Cover image for St. Teresa of Avila : author of a heroic life
St. Teresa of Avila : author of a heroic life
Slade, Carole.
Personal Author:
Publication Information:
Berkeley : University of California Press, [1995]

Physical Description:
xxii, 204 pages ; 24 cm
General Note:
"A centennial book"--P. preceeding half t.p.
Format :


Call Number
Material Type
Home Location
Item Holds
BX4700.T4 S63 1995 Adult Non-Fiction Non-Fiction Area

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With few exceptions, representations of Renaissance women were created by men. The Spanish saint, Teresa of Avila (1515-1582), who chose to represent herself, was one of those exceptions. What prompted her to write Book of Her Life, Interior Castle , and other works? What does the self-portrait of this sixteenth-century nun, mystic, and founder of convents reveal about its author, the church, state, and role of women?

St. Teresa of Avila , an innovative analysis of Teresa's autobiographical writings, explores these and many other questions. Bringing to bear a knowledge of Inquisition studies, theory of autobiography, scriptural hermeneutics, and hagiography, Carole Slade defines Teresa's writings as a project of self-interpretation undertaken mainly as the result of the perceived, later realized, threat of an accusation of heresy. Being female and of paternal Jewish ancestry, Teresa was vulnerable to such a charge.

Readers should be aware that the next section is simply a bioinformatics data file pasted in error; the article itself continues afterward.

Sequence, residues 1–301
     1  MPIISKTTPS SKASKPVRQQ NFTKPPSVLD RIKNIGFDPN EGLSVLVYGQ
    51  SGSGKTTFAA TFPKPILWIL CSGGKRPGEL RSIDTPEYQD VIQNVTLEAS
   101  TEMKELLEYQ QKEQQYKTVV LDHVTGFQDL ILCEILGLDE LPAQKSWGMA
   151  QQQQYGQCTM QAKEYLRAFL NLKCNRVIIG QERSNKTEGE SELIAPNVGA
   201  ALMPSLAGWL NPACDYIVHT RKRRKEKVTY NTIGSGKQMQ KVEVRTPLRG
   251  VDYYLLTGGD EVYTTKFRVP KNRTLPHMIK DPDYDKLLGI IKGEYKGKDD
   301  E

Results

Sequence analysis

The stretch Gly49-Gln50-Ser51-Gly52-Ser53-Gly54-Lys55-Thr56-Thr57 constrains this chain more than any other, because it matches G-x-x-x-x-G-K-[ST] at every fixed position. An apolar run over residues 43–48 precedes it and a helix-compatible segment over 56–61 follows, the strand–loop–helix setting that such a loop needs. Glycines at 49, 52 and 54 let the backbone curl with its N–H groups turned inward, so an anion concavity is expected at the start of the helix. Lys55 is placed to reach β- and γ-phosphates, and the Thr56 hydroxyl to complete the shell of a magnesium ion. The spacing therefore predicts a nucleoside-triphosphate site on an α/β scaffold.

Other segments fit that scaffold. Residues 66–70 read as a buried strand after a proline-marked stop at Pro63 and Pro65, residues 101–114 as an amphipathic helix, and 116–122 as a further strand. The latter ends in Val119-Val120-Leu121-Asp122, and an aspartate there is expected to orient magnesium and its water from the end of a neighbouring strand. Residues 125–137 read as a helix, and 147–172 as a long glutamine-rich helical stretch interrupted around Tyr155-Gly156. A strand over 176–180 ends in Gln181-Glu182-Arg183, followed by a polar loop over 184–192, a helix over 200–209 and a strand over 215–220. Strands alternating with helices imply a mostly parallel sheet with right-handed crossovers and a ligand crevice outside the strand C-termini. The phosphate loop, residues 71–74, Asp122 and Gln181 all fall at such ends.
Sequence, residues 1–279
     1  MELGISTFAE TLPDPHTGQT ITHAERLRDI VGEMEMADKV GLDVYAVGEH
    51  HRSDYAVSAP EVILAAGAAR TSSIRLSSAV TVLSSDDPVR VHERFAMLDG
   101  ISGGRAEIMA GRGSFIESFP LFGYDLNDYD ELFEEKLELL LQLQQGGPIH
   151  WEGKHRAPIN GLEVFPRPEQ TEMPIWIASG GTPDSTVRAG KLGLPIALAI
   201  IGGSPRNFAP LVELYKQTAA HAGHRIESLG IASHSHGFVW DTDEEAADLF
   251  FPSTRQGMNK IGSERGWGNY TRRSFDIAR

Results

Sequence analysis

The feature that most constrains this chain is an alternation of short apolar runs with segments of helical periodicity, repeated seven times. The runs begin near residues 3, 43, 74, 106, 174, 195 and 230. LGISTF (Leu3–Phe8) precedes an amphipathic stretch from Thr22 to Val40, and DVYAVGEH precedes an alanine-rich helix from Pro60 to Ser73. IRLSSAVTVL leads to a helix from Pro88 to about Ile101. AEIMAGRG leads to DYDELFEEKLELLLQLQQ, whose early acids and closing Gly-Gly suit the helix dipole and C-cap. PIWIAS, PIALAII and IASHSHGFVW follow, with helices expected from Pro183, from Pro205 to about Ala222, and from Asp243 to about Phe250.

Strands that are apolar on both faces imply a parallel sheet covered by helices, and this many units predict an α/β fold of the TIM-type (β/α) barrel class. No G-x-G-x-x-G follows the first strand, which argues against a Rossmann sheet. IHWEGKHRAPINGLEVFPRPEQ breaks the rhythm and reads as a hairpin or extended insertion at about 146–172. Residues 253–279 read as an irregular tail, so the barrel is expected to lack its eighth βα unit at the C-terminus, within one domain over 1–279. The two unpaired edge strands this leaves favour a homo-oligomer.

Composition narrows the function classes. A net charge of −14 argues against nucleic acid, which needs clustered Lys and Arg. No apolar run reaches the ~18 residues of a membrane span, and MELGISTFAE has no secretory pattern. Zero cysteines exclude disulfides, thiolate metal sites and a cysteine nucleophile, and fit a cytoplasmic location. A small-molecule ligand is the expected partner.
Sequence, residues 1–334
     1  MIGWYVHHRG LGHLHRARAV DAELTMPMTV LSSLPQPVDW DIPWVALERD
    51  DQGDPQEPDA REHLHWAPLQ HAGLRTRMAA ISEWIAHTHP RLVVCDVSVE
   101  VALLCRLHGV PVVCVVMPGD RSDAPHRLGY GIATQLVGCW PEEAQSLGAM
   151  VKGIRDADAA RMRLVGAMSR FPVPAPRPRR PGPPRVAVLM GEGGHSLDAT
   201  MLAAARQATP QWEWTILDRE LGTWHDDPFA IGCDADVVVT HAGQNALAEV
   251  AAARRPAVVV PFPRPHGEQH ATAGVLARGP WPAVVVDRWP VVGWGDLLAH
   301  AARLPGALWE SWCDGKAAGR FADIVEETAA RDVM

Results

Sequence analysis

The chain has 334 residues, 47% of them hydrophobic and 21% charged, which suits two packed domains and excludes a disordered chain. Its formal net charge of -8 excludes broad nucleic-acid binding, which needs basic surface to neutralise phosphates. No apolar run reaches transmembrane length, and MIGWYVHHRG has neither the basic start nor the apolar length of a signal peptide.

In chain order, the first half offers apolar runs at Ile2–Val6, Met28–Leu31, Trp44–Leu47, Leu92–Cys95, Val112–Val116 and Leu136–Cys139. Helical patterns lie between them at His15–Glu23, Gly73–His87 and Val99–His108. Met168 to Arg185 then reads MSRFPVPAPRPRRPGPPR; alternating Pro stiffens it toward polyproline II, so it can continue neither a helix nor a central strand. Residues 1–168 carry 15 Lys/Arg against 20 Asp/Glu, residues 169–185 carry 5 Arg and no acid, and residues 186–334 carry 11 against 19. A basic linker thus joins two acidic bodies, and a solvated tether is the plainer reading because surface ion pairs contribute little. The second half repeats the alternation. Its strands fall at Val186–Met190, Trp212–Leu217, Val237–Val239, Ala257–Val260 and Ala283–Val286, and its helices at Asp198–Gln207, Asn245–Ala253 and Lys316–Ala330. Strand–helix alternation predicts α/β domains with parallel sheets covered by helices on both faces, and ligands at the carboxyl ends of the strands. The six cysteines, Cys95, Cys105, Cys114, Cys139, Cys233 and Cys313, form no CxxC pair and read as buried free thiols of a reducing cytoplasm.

Teresa's writing project presented her with serious difficulties. Judicial confession, her prescribed genre, presumed the writer's guilt, while the subordinate female script precluded a defense against the suspicion that her mystical experiences came from the devil. Through careful textual analysis, Slade demonstrates that Teresa exploited the nuances of numerous genres--hagiography, New World chronicle, mystical theological treatise, and early novel--to create an innocent textual persona and depict herself in heroic terms.

A signal contribution to our understanding of Teresa's rhetorical and literary talent and life circumstances, this book will engage readers across a broad range of disciplines.

Author Notes

Carole Slade teaches in the Department of English and Comparative Literature at Columbia University.